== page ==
A Renaissance Man in Victorian Times

Published in: July-August 2023 issue.


by Shane Butler
Oxford University Press
389 pages, $129.99

THE TITLE of Shane Butler’s most recent book, The Passions of John Addington Symonds, and the portrait photograph that graces its cover—of a handsome, thick-necked, and mustachioed man looking upward—encourage a set of provocative expectations that will probably not be met. If the word “passions” implies the fever of erotic heat, be prepared for a decidedly cooler temperature. If the book’s striking jacket image is presumed to represent the title subject, be aware that the face in question belongs to one Angelo Fusato, a Venetian gondolier who in the 1870s became both a lover and a household servant to the British writer John Addington Symonds (1840–1893). If you are at all familiar with Symonds’ writings or his life, then you know that homoerotic attractions were central to his life and thought, yet hardly produced a temperament we would call gay—in either its older or current meaning. And yet, for all that, it was Symonds who first imported the word “homosexual,” a 19th-century coinage of German origin, into English print.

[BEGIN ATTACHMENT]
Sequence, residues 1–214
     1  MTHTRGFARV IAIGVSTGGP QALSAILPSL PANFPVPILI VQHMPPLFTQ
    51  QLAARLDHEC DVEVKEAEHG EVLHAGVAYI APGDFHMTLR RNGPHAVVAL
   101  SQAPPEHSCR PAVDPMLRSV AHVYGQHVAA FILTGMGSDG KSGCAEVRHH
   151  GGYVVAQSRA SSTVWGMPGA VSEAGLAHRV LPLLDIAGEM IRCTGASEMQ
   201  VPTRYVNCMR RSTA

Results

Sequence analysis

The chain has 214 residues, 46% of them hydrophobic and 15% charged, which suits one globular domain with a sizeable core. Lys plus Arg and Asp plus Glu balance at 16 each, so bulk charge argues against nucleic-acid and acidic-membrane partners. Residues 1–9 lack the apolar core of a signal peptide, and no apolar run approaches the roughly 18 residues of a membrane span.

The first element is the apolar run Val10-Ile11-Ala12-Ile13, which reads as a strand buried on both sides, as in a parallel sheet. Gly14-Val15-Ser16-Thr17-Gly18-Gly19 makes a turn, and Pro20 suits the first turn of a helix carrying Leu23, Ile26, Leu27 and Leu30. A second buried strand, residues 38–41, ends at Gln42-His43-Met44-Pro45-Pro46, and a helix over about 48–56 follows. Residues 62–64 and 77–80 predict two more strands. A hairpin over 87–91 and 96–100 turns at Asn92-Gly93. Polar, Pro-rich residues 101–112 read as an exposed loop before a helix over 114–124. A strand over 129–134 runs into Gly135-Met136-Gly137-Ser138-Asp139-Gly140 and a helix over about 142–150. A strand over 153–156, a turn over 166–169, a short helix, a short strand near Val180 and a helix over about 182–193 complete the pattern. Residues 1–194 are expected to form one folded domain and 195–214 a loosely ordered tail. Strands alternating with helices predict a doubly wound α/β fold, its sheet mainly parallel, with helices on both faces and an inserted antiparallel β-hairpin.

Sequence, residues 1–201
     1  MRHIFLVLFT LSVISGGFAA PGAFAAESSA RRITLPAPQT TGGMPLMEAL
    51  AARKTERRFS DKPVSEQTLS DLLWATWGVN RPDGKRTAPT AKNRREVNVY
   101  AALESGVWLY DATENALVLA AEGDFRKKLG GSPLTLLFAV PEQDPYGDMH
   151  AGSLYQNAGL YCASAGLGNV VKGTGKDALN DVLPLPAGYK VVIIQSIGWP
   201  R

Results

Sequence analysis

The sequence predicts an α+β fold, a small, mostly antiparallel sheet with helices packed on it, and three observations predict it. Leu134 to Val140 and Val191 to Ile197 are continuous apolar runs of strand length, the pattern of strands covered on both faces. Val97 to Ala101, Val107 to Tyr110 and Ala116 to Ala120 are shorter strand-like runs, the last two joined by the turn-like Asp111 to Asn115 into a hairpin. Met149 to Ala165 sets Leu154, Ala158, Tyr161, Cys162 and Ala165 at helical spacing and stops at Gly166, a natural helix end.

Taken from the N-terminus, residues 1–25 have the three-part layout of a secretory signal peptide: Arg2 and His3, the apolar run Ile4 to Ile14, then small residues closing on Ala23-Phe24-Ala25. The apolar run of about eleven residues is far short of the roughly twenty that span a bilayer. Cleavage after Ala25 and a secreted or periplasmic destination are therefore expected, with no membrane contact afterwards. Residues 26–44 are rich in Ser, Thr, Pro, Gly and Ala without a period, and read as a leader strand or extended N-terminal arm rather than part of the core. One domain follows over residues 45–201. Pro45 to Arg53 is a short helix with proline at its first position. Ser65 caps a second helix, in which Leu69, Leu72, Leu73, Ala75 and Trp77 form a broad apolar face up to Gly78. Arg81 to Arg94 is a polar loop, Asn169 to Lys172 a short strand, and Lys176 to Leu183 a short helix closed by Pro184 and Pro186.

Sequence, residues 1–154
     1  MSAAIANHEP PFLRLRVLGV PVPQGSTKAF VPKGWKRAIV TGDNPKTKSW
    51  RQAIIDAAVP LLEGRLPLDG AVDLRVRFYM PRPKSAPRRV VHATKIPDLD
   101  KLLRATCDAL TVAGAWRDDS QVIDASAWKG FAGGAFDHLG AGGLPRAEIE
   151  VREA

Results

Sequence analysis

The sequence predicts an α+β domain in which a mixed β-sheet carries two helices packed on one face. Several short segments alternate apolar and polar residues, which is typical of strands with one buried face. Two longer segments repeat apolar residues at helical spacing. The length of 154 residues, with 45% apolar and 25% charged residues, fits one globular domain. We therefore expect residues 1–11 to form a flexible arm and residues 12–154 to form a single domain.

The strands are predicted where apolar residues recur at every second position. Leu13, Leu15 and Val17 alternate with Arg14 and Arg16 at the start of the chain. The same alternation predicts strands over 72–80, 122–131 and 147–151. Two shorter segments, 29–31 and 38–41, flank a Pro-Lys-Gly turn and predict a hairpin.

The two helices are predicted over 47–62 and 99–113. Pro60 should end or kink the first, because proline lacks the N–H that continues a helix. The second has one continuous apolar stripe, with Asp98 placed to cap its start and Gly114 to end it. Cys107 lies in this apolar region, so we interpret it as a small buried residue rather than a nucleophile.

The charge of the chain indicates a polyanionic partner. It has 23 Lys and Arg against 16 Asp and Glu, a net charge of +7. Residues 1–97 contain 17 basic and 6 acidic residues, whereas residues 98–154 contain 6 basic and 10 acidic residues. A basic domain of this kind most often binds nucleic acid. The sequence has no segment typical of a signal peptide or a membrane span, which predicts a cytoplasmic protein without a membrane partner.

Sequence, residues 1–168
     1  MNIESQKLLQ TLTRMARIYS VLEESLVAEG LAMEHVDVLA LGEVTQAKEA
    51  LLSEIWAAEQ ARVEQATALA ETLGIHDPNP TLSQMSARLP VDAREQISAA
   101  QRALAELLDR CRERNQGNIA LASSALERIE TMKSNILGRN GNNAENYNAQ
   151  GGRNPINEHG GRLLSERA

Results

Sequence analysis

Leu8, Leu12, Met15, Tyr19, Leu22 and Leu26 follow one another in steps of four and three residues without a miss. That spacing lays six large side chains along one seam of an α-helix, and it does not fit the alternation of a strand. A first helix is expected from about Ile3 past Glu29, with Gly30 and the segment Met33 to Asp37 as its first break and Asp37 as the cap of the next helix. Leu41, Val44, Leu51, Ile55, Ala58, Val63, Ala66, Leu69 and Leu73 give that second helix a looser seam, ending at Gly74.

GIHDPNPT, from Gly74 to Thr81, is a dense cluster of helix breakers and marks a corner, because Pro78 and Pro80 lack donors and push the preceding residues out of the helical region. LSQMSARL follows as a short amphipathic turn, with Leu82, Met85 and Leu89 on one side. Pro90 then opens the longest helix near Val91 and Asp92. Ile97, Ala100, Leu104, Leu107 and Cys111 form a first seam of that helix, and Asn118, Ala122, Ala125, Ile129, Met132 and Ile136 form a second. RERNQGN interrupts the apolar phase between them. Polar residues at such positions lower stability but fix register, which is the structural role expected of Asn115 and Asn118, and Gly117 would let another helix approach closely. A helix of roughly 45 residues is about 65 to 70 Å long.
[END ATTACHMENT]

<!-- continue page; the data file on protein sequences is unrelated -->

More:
The Passions of John Addington Symonds cannot be characterized as a “biography” in the usual sense. Professor Butler’s project is a work of impressive and sometimes frightening erudition. I fear that even among today’s reasonably educated LGBT readers, few will have the background in Classical literature, in the arcane scholarship and mandatory language of queer theory, or in the foundational texts of the West’s philosophical canon (from the ancients to the postwar French, i.e. Deleuze, Derrida, Foucault, Lacan) to appreciate Butler’s most theoretical and discursive inquiries, of which there are many.